SOAS University of London

African Languages, Cultures and Literatures Section

Travelling Africa: Writing the Cape to Cairo

Module Code:
Module Not Running 2020/2021
FHEQ Level:
Taught in:
Full Year

This module looks at writing and images of Africa, from the Cape to Cairo, from colonial times to the present day.

Remembering that the territorial boundaries defined by European colonial powers at the Berlin Conference of 1884-5 resulted in a certain construction of the continent and its nations, how does this affect the way we ‘read’ Africa locally and globally, and in terms of gendered histories?  

Set texts will focus on contemporary writing across a range of genres and a number of national and geographical positions.

Each of the chosen texts engages with travel or diaspora – re-enacting, fictionalising, or interrogating colonial journeys, or rethinking ideas of ‘home’ or travel as history.  

Objectives and learning outcomes of the module

By the end of this course, students will have . . . 

  • explored the challenges of trying to ‘read’ Africa by engaging critically with a variety of texts from the Cape to Cairo, from colonial times to the present day
  • a solid understanding of key theoretical debates around issues of travel and diaspora in a postcolonial context
  • undertaken significant independent and archival research and completed it successfully
  • shown confidence in expressing his/her views orally and in written form


A total of 22 weeks teaching with two hours classroom contact per week and approximately one hour of film viewing per week.

Scope and syllabus

Please note that this is a highly interactive advanced level graduate seminar.  The focus is on cultures of travel and travelling archives.  

For a brief introduction to the course and to three published archive projects, see the Archive Notes in Issue 5 of the Journal of History and Cultures 2015:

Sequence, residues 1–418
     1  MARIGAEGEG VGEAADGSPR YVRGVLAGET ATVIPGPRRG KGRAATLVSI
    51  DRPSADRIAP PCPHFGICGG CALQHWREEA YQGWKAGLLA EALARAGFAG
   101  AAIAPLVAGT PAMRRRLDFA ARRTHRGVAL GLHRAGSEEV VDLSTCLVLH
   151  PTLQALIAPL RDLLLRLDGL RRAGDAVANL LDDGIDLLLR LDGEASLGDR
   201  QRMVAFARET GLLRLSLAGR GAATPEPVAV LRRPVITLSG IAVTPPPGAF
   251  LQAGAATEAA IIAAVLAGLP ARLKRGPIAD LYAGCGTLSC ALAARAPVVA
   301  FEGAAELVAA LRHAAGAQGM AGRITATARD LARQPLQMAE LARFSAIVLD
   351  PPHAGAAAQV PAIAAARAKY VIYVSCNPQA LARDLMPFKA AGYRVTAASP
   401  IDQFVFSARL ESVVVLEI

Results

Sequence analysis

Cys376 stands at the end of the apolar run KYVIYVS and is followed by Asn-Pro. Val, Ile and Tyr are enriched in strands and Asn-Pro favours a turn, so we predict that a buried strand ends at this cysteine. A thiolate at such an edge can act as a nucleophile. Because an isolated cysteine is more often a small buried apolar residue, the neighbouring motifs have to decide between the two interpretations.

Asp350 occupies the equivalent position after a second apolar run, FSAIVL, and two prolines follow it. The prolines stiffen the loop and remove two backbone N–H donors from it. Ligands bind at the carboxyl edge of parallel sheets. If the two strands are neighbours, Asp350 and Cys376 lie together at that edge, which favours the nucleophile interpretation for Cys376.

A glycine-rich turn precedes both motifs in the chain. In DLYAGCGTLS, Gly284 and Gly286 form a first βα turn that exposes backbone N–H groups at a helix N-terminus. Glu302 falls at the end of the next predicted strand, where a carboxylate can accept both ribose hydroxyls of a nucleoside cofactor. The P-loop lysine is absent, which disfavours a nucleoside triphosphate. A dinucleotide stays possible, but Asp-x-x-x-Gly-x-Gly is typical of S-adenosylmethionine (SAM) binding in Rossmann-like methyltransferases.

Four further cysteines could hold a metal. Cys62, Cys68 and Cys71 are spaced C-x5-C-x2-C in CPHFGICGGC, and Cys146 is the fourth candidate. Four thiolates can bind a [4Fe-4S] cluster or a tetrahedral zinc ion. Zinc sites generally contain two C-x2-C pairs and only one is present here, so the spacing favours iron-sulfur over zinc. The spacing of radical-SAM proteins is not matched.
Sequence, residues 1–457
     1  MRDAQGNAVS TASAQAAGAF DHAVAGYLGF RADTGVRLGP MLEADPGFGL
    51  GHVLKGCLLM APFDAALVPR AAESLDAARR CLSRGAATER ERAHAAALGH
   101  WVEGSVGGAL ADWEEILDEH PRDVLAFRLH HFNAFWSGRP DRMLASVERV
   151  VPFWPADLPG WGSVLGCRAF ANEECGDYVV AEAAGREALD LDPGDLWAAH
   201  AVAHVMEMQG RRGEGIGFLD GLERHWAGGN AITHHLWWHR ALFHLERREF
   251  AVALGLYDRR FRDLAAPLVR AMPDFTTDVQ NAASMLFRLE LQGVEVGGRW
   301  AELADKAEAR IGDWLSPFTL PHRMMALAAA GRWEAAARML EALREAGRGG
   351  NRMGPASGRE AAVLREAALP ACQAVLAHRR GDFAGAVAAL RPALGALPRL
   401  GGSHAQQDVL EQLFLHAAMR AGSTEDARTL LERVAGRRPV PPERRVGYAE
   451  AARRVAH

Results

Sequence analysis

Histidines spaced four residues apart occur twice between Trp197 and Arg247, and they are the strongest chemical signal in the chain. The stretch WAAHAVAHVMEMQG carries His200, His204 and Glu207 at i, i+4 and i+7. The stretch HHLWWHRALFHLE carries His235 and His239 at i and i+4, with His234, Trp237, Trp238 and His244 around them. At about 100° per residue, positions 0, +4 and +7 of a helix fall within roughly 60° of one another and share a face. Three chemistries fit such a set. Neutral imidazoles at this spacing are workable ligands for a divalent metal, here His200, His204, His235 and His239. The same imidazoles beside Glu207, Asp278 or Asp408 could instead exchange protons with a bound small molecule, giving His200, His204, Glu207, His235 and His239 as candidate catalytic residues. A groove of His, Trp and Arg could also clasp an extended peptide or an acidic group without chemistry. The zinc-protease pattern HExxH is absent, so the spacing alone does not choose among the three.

Journal of History and Culture 2015 Vol. 5

Journal of History and Culture

This course is designed for engaged and dynamic students who have either majored in English at undergraduate level, or have a strong grounding in literary studies or relevant background in the humanities.  It is interdisciplinary in approach and provides an excellent pathway for students considering further research at postgraduate level. Excursions, film viewings, archival work, research seminars and conferences are invaluable additions to our weekly two-hour seminars.  Students who have a high level of self-motivation, with a sense of adventure, enthusiasm, and interest in travel, archives, and writing from and about Africa, are encouraged to apply.  Meetings to discuss enrolment in the course will be offered in Registration Week and our Week 1 Introductory session before the teaching term begins; prospective students are also very welcome to contact me during term-time in the preceding session to find out more about the course.  The course is currently offered as a major on MA African Studies; it is also offered on MA Postcolonial Studies and MA Comparative Literature, and it serves as a postgraduate companion to our new degree in English: see e.g., 152900102: Southern Spaces 

Topics include:

  • Colonial South Africa & the ‘Cape-to-Cairo Imaginary’
  • State Visits & Royal Tours
  • Archiving Mandela
  • The Cape Cosmopolitan
  • Indian Ocean Archives (via riverboat to Greenwich, NMM)
  • The Congo
  • ‘Journey without Maps’: Sierra Leone
  • Nigerian Travel Writing
  • Zanzibar and ‘the landscape of memory’
  • Translations of Home: Scotland and Sudan
  • ‘Scripting Egypt’

Method of assessment

One three-hour written examination taken in May/June (40%); a 1,500 word travelogue to be submitted on the last teaching day of term 1 (10%); an essay of 5,000 words to be submitted on the last teaching day of term 2 (40%); presentations (full details given by the lecturer) (10%).

Suggested reading

Set texts include

  • J. M. COETZEE, ‘Nietverloren’, in Three Stories
  • Zoë WICOMB, ‘A Trip to the Gifberge’, in You Can’t Get Lost in Cape Town
  • Nelson MANDELA, A Prisoner in the Garden: Opening Nelson Mandela’s Prison Archive (Penguin, 2014)
  • Ishtiyaq SHUKRI, The Silent Minaret (Jacana, 2006)
  • Aminatta FORNA, The Devil That Danced on the Water: A Daughter’s Memoir (Flamingo, 2010; available on Kindle)
  • Noo SARO-WIWA, Looking for Transwonderland: Travels in Nigeria (Granta Books, 2012; available on Kindle)

  • Teju COLE, Every Day is for the Thief (Faber & Faber, 2014; available on Kindle)
  • Michela WRONG, In the Footsteps of Mr Kurtz (Fourth Estate, 2001; available on Kindle)
  • Adulrazak GURNAH, By the Sea
  • Emily RUETE, Memoirs of an Arabian Princess (Gallery, 2000). NB digital version online
  • Leila ABOULELA, The Translator (Polygon, 2005)
  • Katherine FRANK, Lucie Duff Gordon: A Passage to Egypt
  • Amitav GHOSH, In an Antique Land: History in the Guise of a Traveller’s Tale


Important notice regarding changes to programmes and modules